Breaking Ethiopian News in Southern Minnesota
MN -- The response to my column three weeks ago, in which I reported on a genocide
has been so extraordinary
I’d like to
I got 55 e-mails and more than a dozen phone calls from places like
The Hague, New Dehli, Cape Town, Melbourne, Geneva, and Washington DC,
as well as from southern Minnesota, Wisconsin, and South Dakota.
Report was the first place anywhere to report on a new genocide
occurring on the other side of the planet. I wrote the
column because more Anuak refugees live in Minnesota
than any other state, and they have been thrown into a panic
about family and friends back
My account of the massacre was based on interviews with two dozen Anuak
in St. Paul and Minneapolis who had spoken by telephone with eyewitnesses
in Ethiopia on the day of the massacre and in the days immediately after.
“You were the first to report on this and we’re very grateful,” wrote
Greg Stanton, president of Genocide Watch in The Hague, in an e-mail.
On January 8, after having done its own research in Ethiopia to corroborate
the Post-Bulletin report, Genocide Watch put the Anuak killings on its
genocide alert list and published an article filled with damning new
local news, we broke global news. Anuak refugees all over the
world who were desperate for news of friends and relatives from
sent The McGill Report column zipping around the Internet.
Samantha Power, the author
of the Pulitzer prizewinning book, “A
Problem from Hell: America and the Age of Genocide,” e-mailed to
say she was outraged to learn about the new genocide and was going spread
news of it.
Most meaningful of all to
me were two dozen e-mails from Anuak refugees around the world who
wrote to say – often in these very words – “God
bless you and thank you.” These letters were filled with a heavy
grief but also with a great dignity and a profoundly touching gratitude.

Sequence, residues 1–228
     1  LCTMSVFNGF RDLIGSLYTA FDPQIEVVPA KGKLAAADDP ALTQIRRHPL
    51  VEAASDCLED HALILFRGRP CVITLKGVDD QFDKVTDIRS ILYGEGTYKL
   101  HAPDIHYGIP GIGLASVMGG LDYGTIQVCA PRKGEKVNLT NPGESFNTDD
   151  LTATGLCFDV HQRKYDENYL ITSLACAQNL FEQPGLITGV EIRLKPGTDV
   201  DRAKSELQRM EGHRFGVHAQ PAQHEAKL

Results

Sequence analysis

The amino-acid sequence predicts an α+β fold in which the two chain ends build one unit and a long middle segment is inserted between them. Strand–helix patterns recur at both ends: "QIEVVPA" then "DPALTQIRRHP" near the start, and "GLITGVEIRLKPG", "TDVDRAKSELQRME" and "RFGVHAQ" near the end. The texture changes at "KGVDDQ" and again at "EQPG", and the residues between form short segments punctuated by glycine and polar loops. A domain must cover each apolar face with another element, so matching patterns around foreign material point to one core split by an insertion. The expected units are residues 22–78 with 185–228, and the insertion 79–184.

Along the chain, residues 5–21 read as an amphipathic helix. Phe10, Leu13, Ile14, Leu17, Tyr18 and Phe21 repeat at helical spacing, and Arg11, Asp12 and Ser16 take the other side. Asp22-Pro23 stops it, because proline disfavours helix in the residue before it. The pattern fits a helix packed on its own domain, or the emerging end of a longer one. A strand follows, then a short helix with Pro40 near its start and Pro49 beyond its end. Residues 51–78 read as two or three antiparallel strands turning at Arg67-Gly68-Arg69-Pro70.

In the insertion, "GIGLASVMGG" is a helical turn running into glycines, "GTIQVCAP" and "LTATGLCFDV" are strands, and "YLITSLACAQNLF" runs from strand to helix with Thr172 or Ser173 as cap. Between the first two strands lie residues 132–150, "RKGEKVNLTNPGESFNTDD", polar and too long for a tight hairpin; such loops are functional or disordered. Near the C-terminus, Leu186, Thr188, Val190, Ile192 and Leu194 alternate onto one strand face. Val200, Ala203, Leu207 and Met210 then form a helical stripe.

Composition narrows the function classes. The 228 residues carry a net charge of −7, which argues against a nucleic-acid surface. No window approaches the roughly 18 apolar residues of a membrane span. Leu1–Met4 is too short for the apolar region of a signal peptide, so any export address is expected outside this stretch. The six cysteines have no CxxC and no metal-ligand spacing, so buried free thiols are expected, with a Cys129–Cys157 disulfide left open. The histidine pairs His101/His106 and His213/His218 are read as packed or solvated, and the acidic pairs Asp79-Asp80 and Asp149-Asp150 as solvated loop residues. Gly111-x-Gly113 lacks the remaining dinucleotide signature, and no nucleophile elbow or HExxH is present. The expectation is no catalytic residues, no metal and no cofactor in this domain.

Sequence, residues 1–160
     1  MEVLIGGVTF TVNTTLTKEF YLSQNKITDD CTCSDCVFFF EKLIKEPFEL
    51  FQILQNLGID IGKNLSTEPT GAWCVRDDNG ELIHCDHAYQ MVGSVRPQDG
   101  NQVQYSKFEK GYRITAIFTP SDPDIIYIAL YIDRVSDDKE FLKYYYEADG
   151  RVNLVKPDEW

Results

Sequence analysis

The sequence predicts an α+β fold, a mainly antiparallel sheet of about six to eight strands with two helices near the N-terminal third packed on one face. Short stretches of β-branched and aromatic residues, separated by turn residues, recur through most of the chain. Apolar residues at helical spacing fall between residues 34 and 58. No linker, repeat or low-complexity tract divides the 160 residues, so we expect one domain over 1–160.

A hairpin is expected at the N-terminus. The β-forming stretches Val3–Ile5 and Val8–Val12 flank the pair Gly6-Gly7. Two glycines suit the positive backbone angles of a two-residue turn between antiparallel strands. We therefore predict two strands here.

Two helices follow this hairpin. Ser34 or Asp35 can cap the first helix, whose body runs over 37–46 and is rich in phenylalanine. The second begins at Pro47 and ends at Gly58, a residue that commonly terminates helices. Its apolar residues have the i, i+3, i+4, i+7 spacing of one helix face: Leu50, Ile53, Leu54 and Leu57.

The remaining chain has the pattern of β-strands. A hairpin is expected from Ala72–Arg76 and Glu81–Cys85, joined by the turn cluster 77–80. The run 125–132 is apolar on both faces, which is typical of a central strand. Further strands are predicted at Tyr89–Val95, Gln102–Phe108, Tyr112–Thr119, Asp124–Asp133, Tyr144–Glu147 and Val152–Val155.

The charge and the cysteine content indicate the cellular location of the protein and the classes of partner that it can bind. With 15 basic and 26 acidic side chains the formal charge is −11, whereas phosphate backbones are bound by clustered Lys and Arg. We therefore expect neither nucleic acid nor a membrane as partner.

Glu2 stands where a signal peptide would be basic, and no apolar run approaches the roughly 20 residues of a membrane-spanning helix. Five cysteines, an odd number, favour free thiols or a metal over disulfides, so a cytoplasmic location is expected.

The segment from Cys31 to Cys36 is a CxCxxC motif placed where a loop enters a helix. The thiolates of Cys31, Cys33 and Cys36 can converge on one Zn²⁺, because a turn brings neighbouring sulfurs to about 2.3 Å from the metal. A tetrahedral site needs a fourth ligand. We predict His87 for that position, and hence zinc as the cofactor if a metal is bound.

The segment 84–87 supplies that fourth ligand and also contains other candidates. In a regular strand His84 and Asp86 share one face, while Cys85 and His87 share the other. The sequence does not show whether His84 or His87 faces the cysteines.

Just that someone had listened to them, had moved many Anuak deeply.
“Sir, I would like to thank you for being a real friend of this
small and defenseless tribe,” wrote Ujulu Goch, from Washington,
DC. “God has always worked through someone to help needy people
like the Anuak. But Sir, this is not the end of the tragedy. It’s
the beginning of the extinction of my tribe from the face of the earth.”
Obang Metho, from Saskatchewan,
Canada, sent me six attachments in his e-mail – letters he had
written to U.S. Secretary of State Powell, U.N. Secretary General Kofi
Annan, and other diplomats and aid groups.
He also sent a poem called “Why Do I Rebel?” that
captured a note of inspired defiance:
I rebel because honor
And justice are the work of duty and destiny.
I fight because honor and justice
Are the fixed demands of duty and beauty.
I speak up because love of liberty
And the well-being of every human
Are the splendid ornament of the moral life.
Here in Rochester, we can
be an early warning system for crimes and atrocities committed all
over the world, which would never receive the
cleansing light of international attention if not for us. We are free;
most of the world is not; therefore it’s our opportunity and our
We can do this simply by being open to what our immigrant neighbors
have to say.
Reverend LeRoy Christoffels, the pastor of the Worthington Christian
Reformed Church, which has many Anuak refugees as parishioners, said
his church was raising money for an Anuak relief effort.
John Frankhauser, of Spokane,
e-mailed to say he had brought an Anuak pastor, Reverend Okwier Othello,
to their church last summer to meet
with Anuak members of their church. “He spoke of the danger he
faced when he returned to Gambella,” Frankhauser wrote. “We
were impressed with his gentle spirit and the way the other Anuaks respect
him as their pastor.”
Reverend Okwier Othello is the first name on the list of the dead that
I have. Frankhauser had received eyewitness accounts of his murder and
gave details of his death that are too grisly to recount here.
It was Martin Luther King
Day when I wrote this column, so I went to his “Letter from Birmingham Jail” to
find some lines that seemed relevant.
There are parallels between the way King encircled Birmingham and Atlanta
within a single moral sphere, and the way the ripples of grief and outrage
from the Anuak massacre had so quickly spread around the world.
“I cannot sit idly by in Atlanta and not be concerned about what
happens in Birmingham,” King wrote in his jail cell. “Injustice
anywhere is a threat to justice everywhere. We are caught in an inescapable
network of mutuality, tied in a single garment of destiny. Whatever effects
one directly, affects all indirectly.”
Copyright @ 2004 The McGill Report